I am fairly (book) smart.  I’m not ‘totally understood that Astrophysics book by Neil deGrasse Tyson’ smart but I feel okay saying that I am ‘Wuthering Heights Literate’ smart.  And being a smart(ish) person who once stood on an English Moor slightly tipsy and screaming “Heathcliffffffffffffffffffff” to the absolute horror of my travel partners, I should have loved Dear Reader, a new modern send up of Emily Bronte’s classic, but I really did not.

 

 

Let us just start with the fact that the “Dear Reader” trope was not used in Wuthering Heights, it was used in Jane Eyre, who as everyone knows was written by Charlotte Bronte.  So right away I am irritated at the battling Bronte situation, which she acknowledges and explains but felt too Inside Baseball for me.  You cannot simply mix up Brontes and expect me not to have OCD about that.

 

 

Now that all of that is out of my system… Dear Reader is another YA book (still not dealing with reality on a daily basis) that is also magical realism.  If you aren’t familiar, magical realism is – broadly – narrative fiction that is realistic but also contains some magical elements.  It is a genre that can go wildly astray that I wouldn’t say I always enjoy but one of my favorite books of all time EVER is One Hundred Years of Solitude, so no hard and fast rules on the genre will come from me.  So the fact that this book made little sense to me is not stemming from a fundamental understanding of the spirit of magical realism, as much as it is just the fact that it… did not make sense.  So, leeway for using a bendy genre?  Check.  But so much leeway that you still confused and annoyed me?  Nope.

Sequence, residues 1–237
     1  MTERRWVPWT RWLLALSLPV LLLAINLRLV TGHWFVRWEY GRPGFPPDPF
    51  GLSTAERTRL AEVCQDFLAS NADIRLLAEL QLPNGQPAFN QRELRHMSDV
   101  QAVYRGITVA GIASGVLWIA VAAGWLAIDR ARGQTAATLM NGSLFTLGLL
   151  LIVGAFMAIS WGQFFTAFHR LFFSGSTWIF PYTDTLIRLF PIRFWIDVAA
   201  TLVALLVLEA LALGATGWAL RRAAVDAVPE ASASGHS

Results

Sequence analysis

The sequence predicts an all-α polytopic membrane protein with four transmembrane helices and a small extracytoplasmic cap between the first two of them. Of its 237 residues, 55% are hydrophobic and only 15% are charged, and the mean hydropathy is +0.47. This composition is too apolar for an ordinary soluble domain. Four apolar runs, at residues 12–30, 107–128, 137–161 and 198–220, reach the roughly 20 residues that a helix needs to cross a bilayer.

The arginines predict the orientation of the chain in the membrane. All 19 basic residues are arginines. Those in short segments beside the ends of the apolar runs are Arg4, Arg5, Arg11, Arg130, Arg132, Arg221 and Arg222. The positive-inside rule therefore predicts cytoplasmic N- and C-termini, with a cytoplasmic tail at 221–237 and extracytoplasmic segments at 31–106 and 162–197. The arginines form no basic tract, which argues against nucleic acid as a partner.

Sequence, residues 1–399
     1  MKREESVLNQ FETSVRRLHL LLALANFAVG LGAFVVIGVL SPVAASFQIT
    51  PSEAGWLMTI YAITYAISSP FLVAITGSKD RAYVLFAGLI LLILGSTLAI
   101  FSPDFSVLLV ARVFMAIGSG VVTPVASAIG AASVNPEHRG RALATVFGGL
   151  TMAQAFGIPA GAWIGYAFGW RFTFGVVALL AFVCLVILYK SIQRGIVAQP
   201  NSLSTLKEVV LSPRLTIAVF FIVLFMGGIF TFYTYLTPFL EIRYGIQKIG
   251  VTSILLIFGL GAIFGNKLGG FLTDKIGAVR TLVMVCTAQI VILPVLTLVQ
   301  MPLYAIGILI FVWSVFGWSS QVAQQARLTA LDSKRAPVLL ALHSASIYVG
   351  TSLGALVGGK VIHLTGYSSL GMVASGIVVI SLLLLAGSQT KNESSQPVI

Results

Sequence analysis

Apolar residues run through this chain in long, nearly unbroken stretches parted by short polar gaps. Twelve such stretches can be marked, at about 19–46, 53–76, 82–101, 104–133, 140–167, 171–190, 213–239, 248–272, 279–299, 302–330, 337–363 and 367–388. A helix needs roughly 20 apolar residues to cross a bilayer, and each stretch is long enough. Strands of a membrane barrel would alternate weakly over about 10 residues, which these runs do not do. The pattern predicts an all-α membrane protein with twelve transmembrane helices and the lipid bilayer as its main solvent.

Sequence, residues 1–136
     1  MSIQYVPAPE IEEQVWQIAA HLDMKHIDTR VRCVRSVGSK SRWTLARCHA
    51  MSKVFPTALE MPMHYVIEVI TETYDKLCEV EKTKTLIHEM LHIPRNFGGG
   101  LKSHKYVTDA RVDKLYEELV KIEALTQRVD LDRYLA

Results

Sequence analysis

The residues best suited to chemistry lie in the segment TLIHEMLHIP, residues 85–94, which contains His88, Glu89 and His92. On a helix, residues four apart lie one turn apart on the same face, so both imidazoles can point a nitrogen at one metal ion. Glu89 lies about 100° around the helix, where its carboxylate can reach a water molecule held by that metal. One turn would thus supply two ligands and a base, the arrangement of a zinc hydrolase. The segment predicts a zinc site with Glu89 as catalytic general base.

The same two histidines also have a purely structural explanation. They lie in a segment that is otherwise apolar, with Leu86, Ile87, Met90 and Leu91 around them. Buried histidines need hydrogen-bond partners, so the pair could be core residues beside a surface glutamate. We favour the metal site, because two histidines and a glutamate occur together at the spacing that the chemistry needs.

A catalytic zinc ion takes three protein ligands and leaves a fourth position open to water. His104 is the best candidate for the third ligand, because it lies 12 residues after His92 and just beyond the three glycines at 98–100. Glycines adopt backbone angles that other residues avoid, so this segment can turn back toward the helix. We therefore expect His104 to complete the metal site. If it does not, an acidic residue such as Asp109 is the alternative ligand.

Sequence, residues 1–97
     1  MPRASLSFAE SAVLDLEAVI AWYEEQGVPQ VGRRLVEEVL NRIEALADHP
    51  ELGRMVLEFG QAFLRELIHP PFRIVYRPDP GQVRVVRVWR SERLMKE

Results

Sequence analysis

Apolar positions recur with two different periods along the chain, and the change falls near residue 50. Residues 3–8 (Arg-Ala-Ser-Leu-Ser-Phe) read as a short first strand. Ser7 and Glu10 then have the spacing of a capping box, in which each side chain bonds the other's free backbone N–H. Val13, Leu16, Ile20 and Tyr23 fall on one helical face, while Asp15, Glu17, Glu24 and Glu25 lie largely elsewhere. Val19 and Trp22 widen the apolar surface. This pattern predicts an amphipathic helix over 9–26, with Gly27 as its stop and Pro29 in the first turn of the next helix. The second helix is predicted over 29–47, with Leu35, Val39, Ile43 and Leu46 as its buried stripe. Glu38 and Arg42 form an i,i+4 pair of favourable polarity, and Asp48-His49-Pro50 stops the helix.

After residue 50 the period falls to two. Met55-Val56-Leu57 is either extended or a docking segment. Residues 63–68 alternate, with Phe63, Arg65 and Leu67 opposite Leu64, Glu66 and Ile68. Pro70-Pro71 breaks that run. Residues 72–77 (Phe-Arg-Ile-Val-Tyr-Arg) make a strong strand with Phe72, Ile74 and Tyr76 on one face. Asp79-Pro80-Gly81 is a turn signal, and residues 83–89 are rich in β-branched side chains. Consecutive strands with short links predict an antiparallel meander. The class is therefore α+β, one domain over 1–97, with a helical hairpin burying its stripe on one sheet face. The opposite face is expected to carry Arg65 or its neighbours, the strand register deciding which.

In Dear Reader, we have a story of high school senior Flannery Fields (excellent name), who comes to school one day and finds that her favorite teacher, Miss Sweeney, is missing.  Flannery digs through the teacher’s desk (this is not okay) and discovers Miss Sweeney’s copy of Wuthering Heights in her purse, but when she opens it she sees that the text is actually a real-time diary of what is happening with Miss Sweeney.  Reading it, Flannery learns that she has gone to New York to chase a ghost (really) and is in trouble.  Naturally she jumps on a train to go find her teacher (this is not natural, this is weird) and winds up wandering around the city, tailing Miss Sweeney’s confusing decisions and picking up a boy who is I am sorry to tell you this, named Heath Smith.  Heath is British and brilliant and honestly at this point I was out.

 

 

Dear Reader is billed as a love letter to reading, and I was annoyed that such a clever concept was not executed well.  Nice try, not entirely successful.

 

 

Dear Reader – Grade C+